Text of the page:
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Working at Primate Rescue Centre in South Africa with Monkeys and Baboons .
Darwin Primate Group.
As a volunteer you are a part of our organization and what we do, you do. By working with us you will have an incredible experience, learning all the daily routines at the sanctuary. Darwin Primate Group does not exploit the animals under their care, but is committed to ensuring your time as a volunteer is as rewarding and fulfilling as possible. The work and financial contribution you make as a volunteer provide the sanctuary with the ability to continue operating.
Volunteers will have an amazing opportunity to work side by side with well known ‘Baboon Woman’ Karin Saks.
To ensure you time at DPG is quality time, we limit the number of volunteers to a maximum of three at any one time. However if you are travelling with a group, we can vary this number on request.
Darwin Primate Group sanctuary is located 200kms west of Port Elizabeth near Plettenberg Bay on the beautiful Garden Route, South Africa
The best times – for most - to volunteer with us are from September to May during the warmer months.
ROUGH OUTLINE OF GENERAL ACTIVITIES:
- Chopping food
- Cleaning enclosures
- Acting as human enemies to show what humans are capable of.
- Collecting branches and insects for monkey food.
- Observing integration/socializing from a fair distance while attempting to remain passively non-communicative (to encourage monkeys to mingle with their own kind).
- Observing the behaviour of the monkeys undergoing rehabilitation and the wild troop of baboons - noting hierarchy changes, vocalizations and their context, the working out of new relationships, each individuals particular personality and how s/he interacts with everyone else etc.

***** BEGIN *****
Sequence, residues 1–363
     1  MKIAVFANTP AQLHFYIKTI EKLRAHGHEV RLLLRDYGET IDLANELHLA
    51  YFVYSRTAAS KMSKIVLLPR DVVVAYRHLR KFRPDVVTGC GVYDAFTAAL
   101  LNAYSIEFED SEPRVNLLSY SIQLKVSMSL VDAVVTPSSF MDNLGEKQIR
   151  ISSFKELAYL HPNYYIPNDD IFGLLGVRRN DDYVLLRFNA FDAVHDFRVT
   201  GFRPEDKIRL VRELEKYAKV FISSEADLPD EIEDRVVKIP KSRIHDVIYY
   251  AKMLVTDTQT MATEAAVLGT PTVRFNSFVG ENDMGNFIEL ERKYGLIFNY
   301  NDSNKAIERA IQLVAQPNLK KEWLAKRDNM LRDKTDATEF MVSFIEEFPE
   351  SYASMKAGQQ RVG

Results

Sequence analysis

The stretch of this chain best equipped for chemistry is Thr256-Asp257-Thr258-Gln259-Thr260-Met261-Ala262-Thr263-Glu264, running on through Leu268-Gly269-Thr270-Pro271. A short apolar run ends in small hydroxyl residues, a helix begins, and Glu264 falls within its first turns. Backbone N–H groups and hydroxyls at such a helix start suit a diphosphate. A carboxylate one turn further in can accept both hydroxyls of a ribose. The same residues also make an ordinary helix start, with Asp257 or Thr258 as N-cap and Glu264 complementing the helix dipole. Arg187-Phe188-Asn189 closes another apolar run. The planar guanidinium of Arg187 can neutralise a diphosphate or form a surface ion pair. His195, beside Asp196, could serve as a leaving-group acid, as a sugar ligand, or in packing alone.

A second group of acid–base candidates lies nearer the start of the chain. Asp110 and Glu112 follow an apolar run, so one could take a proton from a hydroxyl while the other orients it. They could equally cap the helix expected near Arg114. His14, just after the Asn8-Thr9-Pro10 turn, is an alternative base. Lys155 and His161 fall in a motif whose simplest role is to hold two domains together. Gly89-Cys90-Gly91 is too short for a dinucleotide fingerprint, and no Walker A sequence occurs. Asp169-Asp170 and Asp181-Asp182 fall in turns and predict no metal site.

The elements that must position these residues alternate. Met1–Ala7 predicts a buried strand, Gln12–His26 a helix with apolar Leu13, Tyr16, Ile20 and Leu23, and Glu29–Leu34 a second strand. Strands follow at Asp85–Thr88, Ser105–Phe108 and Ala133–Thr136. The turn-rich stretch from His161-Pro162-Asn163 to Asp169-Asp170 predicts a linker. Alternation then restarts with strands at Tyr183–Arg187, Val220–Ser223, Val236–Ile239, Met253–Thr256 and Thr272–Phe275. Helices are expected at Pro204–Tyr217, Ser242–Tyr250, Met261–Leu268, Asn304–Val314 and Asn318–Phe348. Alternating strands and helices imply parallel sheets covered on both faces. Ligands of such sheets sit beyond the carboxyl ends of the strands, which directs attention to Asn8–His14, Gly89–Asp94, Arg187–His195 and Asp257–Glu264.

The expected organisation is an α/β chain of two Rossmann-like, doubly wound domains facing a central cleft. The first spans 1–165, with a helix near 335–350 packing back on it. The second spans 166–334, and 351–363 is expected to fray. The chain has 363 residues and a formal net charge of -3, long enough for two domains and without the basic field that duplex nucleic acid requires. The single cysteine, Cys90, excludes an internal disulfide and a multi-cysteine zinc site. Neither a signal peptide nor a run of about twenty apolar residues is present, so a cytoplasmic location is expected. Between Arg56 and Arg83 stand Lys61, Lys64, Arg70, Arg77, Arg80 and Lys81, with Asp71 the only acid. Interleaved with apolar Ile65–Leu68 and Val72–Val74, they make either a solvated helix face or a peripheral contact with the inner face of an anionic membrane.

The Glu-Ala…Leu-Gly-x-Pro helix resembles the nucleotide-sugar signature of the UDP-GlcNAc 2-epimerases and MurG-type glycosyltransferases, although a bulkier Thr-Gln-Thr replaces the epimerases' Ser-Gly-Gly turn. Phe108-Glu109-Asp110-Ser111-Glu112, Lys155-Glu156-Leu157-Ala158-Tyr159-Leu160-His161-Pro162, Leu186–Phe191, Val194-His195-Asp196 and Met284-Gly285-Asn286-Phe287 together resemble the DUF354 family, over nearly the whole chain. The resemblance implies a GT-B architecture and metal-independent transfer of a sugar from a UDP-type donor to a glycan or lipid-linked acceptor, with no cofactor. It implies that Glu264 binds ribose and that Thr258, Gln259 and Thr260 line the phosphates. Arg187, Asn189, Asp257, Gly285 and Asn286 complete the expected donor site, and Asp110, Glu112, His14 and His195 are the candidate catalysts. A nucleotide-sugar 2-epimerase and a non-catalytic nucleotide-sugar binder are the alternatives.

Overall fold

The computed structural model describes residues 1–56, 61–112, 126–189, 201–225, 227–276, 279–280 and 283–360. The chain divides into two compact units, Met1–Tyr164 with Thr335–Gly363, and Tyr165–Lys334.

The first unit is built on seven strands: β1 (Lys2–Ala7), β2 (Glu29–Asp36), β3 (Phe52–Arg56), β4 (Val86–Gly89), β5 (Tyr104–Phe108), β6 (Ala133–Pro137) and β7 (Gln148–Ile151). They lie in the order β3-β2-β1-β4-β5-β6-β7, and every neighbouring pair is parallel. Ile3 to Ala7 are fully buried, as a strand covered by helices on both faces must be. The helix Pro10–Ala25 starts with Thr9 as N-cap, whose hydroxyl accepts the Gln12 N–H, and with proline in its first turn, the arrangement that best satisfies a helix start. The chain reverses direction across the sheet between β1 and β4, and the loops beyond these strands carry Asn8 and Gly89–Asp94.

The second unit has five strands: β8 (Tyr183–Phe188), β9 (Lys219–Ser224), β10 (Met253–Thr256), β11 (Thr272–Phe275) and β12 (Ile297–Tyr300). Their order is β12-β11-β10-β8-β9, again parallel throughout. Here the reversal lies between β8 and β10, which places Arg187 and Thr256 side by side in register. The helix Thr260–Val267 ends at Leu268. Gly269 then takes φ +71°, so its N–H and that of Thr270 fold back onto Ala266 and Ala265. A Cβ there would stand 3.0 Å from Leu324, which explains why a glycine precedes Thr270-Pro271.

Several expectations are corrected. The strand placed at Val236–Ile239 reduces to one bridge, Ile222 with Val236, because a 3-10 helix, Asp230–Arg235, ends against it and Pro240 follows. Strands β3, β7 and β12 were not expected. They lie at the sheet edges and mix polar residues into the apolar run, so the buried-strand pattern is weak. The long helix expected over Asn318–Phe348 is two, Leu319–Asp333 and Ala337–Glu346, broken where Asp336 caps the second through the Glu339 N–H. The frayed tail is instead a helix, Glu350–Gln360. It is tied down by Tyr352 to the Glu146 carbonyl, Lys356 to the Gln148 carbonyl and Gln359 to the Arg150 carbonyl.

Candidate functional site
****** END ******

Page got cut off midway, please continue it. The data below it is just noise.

- When monkey mothers are not available, a volunteer may be required to act as surrogate mother for at least 3 months. It is always in the best interest of the monkeys to choose a surrogate monkey first if possible.
- Fetching food from our closest town.
- Monitoring wild troops for male/female ratios, behaviour etc.
- Researching what the vervet monkey and chacma baboon eat naturally in this area.
- Anti-poaching patrols.
- Hikes - The Garden Route where we are based has spectacular scenery and world renowned hikes like the Otter trail. We are a few minutes away from various animal centres like the Elephant Sanctuary, Eagle Encounters and Monkeyland for those who seek an experience with captive wildlife.
- Building/maintaining enclosures
- Blogging about your activities for our website.
- Writing awareness articles about the plight of non-human primates in this province - your experiences as a visitor to this country - for our local newspaper.
- Fundraising ideas/activities.
- Walking our rescue huskies on the beach or in the forest.
An Average Day during the baby season/summer:
6.00/7.00 am - Babies get bottles first thing after they have been sterilised. (October to February when there may be infants here during the baby season - this is not always the case). Mr Gandhi gets a handful of biscuits.
Cutting branches and looking for insects to put into monkey enclosures for juveniles, sub adults and adults.